The public has been failed by the New Jersey Racing Commission’s lack of transparency in the Nick Surick case.
by Brett Sturman
As most know by now, the New Jersey Racing Commission (NJRC) issued a full suspension to the training license of Nick Surick on Dec. 20. At that point, 12 horses were scratched that day between two tracks including the Meadowlands, and 29 horses were scratched in total over the next two days. Then on Dec. 28 following a hearing, a ruling was made to reinstate the conditioners license immediately.
The question that most want to know is what specifically happened, but the even larger question should be why has what happened not been disclosed to the public? First, some background.
As part of the NJRC ruling to suspend Surick, they cite a “failure to cooperate with an ongoing investigation being conducted by the investigative staff of the New Jersey Racing Commission and for failure to appear for a hearing with the Board of Judges…” In the same ruling, the NJRC cites numerous New Jersey Administrative Codes (N.J.A.C.) that it deemed Surick to be in violation of, and most speak directly to the expectation that a licensed individual cooperate fully with any interested agency, or in this case the NJRC.
But the code that is most directly related to the basis for the investigation is N.J.A.C. 13:71-23.15. This relates strictly to “Out-of-competition testing (on non-race days and on race days pre-race) of racehorses for Erythropoietin (Epogen, EPO), DarbEPO, or other blood doping agents…”
If the NJRC was conducting an investigation into a horse that they believed Surick was in possession of and that contained EPO, then suspended him for what they claimed to be him not fully cooperating, and then less than one week later Surick is reinstated by a court – all the while with no details of any sort offered by the NJRC – how is the public (particularly the betting public) supposed to have any confidence in participating in any race going forward that contains a Surick-trained horse?
In the course of the investigation by the NJRC, no details about the investigation were made public – and rightfully so. Nor should any allegations be made public if no charges had yet been brought forth.
However, all of that should change the moment the NJRC issued a full suspension of Surick’s license and all of his horses entered at that time were scratched immediately. At that point, it becomes a public matter.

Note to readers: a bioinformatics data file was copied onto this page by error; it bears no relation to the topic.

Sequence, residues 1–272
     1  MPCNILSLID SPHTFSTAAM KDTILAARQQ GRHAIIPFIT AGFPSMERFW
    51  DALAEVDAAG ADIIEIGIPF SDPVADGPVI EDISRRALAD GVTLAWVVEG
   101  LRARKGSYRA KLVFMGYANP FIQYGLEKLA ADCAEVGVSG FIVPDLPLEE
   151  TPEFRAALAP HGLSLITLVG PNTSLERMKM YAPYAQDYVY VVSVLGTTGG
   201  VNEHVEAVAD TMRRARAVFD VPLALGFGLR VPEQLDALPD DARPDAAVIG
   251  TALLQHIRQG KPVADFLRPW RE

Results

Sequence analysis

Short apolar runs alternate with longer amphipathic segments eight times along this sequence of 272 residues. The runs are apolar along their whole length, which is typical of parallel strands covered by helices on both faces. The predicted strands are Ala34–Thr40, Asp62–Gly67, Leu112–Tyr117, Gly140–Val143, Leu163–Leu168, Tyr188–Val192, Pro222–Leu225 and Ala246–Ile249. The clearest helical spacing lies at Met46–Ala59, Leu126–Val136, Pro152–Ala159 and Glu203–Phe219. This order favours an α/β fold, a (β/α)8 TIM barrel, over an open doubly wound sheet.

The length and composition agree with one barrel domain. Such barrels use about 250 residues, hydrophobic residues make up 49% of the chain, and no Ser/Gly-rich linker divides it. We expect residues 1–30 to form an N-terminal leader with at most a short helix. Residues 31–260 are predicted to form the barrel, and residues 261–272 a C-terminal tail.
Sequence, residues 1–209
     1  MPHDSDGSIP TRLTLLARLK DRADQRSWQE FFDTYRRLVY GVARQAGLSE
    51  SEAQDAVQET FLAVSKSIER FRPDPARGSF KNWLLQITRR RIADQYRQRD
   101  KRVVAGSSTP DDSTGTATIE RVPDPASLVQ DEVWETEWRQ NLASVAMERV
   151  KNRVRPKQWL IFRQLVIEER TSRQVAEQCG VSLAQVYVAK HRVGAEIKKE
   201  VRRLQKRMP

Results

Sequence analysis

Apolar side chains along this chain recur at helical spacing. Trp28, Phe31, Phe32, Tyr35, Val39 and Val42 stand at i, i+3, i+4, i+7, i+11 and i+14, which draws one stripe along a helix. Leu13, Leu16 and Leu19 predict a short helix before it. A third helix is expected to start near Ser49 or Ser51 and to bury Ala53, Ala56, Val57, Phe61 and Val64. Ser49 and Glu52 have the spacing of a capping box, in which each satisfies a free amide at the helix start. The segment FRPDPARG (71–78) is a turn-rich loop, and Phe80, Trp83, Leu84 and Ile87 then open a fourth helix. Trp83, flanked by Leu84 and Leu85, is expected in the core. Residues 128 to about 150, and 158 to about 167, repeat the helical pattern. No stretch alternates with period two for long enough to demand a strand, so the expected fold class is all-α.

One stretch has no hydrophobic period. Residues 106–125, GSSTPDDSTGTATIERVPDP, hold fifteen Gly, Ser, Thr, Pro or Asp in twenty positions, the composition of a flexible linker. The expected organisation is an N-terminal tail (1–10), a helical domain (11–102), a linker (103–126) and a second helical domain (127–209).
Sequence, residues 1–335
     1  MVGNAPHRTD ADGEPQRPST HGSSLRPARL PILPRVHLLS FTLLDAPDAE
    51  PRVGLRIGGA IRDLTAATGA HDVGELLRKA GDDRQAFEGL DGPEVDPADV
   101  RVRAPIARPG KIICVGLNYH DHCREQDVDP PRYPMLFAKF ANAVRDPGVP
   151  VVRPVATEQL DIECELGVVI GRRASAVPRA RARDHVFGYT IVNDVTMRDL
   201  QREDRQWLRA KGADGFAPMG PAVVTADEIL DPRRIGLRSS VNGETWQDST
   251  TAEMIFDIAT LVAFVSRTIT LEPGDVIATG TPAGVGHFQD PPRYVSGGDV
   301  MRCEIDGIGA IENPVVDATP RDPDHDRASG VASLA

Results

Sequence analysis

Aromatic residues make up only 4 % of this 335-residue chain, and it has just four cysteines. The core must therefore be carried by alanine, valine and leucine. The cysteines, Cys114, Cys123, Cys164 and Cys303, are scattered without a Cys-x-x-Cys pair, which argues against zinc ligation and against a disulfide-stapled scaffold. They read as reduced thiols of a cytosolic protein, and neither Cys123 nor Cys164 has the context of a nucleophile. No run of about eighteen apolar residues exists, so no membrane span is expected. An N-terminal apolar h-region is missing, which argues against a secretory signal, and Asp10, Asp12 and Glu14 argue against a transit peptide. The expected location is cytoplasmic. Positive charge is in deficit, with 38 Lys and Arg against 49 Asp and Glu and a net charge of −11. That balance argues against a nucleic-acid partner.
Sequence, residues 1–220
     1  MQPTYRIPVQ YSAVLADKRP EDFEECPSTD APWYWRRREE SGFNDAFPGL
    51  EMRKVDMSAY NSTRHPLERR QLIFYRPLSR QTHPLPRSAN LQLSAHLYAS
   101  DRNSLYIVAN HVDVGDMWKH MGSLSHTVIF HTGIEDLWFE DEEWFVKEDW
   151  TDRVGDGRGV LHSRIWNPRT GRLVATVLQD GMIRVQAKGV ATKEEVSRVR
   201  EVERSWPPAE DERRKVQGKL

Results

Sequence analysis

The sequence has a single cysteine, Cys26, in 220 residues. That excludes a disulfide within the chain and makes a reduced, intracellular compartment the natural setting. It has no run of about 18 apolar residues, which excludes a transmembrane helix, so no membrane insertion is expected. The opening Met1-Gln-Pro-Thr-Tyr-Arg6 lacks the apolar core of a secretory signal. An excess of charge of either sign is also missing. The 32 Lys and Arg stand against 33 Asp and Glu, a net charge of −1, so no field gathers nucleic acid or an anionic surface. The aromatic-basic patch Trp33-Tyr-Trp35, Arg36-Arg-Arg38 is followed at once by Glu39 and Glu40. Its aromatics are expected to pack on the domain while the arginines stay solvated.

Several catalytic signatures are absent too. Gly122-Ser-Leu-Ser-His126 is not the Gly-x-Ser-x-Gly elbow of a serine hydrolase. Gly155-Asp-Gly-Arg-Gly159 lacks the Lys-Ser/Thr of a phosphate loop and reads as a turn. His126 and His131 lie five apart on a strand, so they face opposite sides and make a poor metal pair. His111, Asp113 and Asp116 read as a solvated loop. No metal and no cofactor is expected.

In theory, harness racing remains a sport that is driven by wagering from the public. Last year, over $1.3 billion was wagered on harness racing in the U.S. alone. Providing the betting public with all relevant information to race participants should be paramount in ensuring transparency and integrity of the racing product.
Much of this seems as though it could have been prevented had the NJRC not acted with apparent haste in determining that Surick was not fully cooperating. The court’s decision to not uphold the NJRC suspension, but rather to issue an immediate and full reinstatement strongly suggests that there was a certain due process that Surick wasn’t afforded.
Had such a quick decision by the racing commission to suspend Surick not occurred, this would have never become a public issue. But once it did, it’s hard to just move on with business as usual while pretending that the events never occurred.
In any other professional sport – least of not sports that have revenues directly tied to gambling like the way harness racing does – there is complete and total transparency with regards to its participants. If a player is suspended, there is no doubt left as to what the specific cause of the suspension was. If a player is reinstated, there is no doubt left as to what had changed between the time of suspension and time of reinstatement.
When the Surick suspension was first announced, no one knew anything. To this day, it’s still not entirely clear as to the cause of the investigation, what was the urgency in suspending him and why was it so abruptly overturned.
The NJRC is a state government agency in charge of overseeing essentially everything related to racing in the state, and in this instance one can only surmise based on what is known publicly that they acted in an inappropriate and ineffective way. They failed what would appear to be not only Surick, but also the owners who had horses scratched and the general racing public.
Even if another word about the matter is never spoken, there will remain a cloud of suspicion from the incident that follows Surick around. And unfortunately, it will only add fuel to those already skeptical of Surick’s winning ways.